I've spent some time this weekend preparing for my EDUCAUSE Point/CounterPoint debate with John Fritz on Learning Management Technologies: Enterprise System or Consumer Good?
We are lucky to have Gardner Campbell moderate the session, so, to get ready, I watched the discussion he had with Jim Groom about the Edupunk movement.
You can see the whole debate on the EDUCOZ channel.
While I disagree with many things that Jim Groom says, and have both sympathies and issues with the Edupunk movement, I came away struck by some of the comments that Jim made in the discussion (see part 4).
Jim provides a wonderful overview of why engaging in this sort of discussion is so important for learning technologists. He also gets right to the heart of some of the main conflicts and challenges within our discipline.
Jim touches on issues of authority, status, and legitimacy. These issues remain the undercurrent of much of the work that learning technologists engage in on our campuses and in our professional organizations.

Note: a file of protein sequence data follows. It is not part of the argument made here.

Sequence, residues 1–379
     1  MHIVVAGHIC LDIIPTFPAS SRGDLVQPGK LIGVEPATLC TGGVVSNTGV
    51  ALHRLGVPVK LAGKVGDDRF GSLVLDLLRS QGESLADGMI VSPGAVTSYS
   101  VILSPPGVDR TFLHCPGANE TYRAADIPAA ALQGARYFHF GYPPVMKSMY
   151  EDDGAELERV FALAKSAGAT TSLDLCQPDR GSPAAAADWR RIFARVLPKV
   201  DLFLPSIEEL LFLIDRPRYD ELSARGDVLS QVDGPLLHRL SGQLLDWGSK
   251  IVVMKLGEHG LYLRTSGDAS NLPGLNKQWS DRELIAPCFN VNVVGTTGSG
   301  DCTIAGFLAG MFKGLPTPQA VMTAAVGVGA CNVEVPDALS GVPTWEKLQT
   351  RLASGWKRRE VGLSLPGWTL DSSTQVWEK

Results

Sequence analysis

But I should let Jim speak for himself.
Below are some quotes that I transcribed from the YouTube video that I found particularly salient to our discipline:
"Instructional technology as we've known it has been a very bloodless pursuit, very bland and pale."
"To have a group of people to work with and who are saying the lifeblood is partnership, about working with faculty, it's about re-imagining and re-conceptualizing the very space you inhabit. Using all sorts of tools that are freely available."
"You have people who say, oh wait that's a creative edge to this"
"That is where the creativity came in and for me was truly inspiring"
"Maybe we can get away from the hanging / shrugging of your shoulders saying 'I'm an instructional technologist' - to yeah...I am...and I am full of pride about it!'
I just love that last statement - almost a throwaway line from the discussion - when Jim says "'I'm an instructional technologist- to yeah...I am...and I am full of pride about it!'
So am I.